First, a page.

Analysis: “Do mixed holding companies have the right to deduct the input VAT paid when changing the initial intended use of the acquired services?” by Jordi Sol
On 12 November 2020, the Court of Justice of the European Union (CJEU) ruled that the actual use of acquired services prevails over the initial intention for the purposes of the right to deduct for a mixed holding company. Under this approach, the input VAT paid on services by a mixed holding company to carry out exempt transactions although the initial intention was to provide VAT taxable transactions (management services to its subsidiaries) is not deductible.
In the first question, the CJEU confirms the nature of preparatory activities as being economic activities in and of themselves, hence conferring on Sonaecom the status of taxable person. Moreover, the CJEU pointed out that the right to deduct should be granted to Sonaecom, as long as there is objective evidence that the input VAT paid for the services received relating to a market study with the purpose to acquire shares in other companies aims to provide those companies with management services (taxable to VAT). This arises at the time when the tax becomes chargeable, namely when the services are received. The expenditure on the acquisition of those services must be regarded as belonging to Sonaecom’s general costs, hence, the input VAT should be deducted in full, unless Sonaecom would be performing certain VAT exempt economic activities, in which case the right to deduct should be subject to the rules of proportional deduction.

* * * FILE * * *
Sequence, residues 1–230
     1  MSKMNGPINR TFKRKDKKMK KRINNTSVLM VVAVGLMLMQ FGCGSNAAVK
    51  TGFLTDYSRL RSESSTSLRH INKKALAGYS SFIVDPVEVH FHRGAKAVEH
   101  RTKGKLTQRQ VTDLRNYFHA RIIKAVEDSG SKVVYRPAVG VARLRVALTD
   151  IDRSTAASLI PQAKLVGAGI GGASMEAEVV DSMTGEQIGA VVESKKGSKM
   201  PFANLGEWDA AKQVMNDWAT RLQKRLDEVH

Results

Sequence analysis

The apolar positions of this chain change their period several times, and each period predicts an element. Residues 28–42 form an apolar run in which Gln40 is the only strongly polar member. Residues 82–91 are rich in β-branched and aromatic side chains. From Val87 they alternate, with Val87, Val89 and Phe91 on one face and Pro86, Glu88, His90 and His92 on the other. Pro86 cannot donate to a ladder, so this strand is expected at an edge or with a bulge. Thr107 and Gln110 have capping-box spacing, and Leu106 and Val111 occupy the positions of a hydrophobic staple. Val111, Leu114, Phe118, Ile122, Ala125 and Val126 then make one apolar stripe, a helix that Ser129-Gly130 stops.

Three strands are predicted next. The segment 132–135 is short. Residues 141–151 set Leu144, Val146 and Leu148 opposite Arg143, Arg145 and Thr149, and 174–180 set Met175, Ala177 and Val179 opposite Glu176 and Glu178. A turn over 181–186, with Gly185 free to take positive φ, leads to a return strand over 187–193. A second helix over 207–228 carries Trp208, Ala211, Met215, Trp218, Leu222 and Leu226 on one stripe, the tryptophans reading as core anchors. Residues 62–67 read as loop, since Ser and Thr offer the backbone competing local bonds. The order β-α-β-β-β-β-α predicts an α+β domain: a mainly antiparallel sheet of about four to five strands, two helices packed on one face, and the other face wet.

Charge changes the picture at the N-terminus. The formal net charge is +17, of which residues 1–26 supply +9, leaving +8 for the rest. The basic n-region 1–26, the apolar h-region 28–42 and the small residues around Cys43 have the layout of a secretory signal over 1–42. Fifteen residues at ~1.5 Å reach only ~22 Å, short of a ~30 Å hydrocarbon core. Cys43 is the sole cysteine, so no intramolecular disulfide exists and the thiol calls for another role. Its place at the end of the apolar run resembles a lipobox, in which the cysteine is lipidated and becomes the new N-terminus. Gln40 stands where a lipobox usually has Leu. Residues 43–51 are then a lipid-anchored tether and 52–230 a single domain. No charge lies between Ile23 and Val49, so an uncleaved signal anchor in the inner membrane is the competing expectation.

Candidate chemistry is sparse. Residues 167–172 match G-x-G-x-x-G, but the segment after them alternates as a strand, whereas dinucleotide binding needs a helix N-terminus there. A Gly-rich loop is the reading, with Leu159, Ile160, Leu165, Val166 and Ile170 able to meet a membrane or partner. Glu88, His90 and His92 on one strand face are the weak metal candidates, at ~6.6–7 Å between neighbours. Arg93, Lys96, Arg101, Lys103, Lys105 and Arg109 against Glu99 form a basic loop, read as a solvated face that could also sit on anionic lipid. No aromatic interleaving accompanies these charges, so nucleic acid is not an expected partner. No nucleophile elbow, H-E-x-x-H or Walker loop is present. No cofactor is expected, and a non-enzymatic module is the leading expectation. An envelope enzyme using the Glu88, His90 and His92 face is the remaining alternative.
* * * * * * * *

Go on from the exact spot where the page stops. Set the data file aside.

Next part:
The second question deals with the VAT consequences, in the area of the right to deduct, when a mixed holding company decides to change its intentional use. In the case at hand, Sonaecom paid input VAT on a bank commission for organising and putting together a bond loan, intended to provide to its subsidiaries the necessary means to make investments and right after supplying them with the necessary management services (VAT taxable transactions). However, Sonaecom changed its initial intention and finally used those bank services to deliver VAT exempt financial transactions (namely an injection of money to the parent company in the form of a loan). In this case, the CJEU takes the view that the deduction of input VAT must be adjusted as precisely as possible to the actual use in order to avoid unjustified benefits or prejudice benefits for the taxable person. Consequently, an actual use of goods and services takes precedence over the initial intention. Having this in mind, the CJEU does not accept the argument of Sonaecom that, although there is no direct link between the costs incurred for the issue of the bond loan and a taxed output transaction, those costs should be deductible as general costs of the company, since there is a direct and immediate link between the upstream services purchased by Sonaecom and an exempt output transaction.
This judgment ratifies settled CJEU case law (among others, Ryanair C-249/17 and Marle Participations, C-320/17) covering cases of preparatory activities and abandoned projects. Moreover, when dealing with the second question, the CJEU takes the position that the right to deduct remains provisional until the actual use of the services takes place – does this mean that the statute of limitation period starts running from this moment despite the right to deduct being able to be exercised immediately from the moment the services originating the input VAT are actually supplied?
The Opinion is accessible here.
The judgment is available here.
Jordi Sol is an International VAT consultant and founder of VATinsights.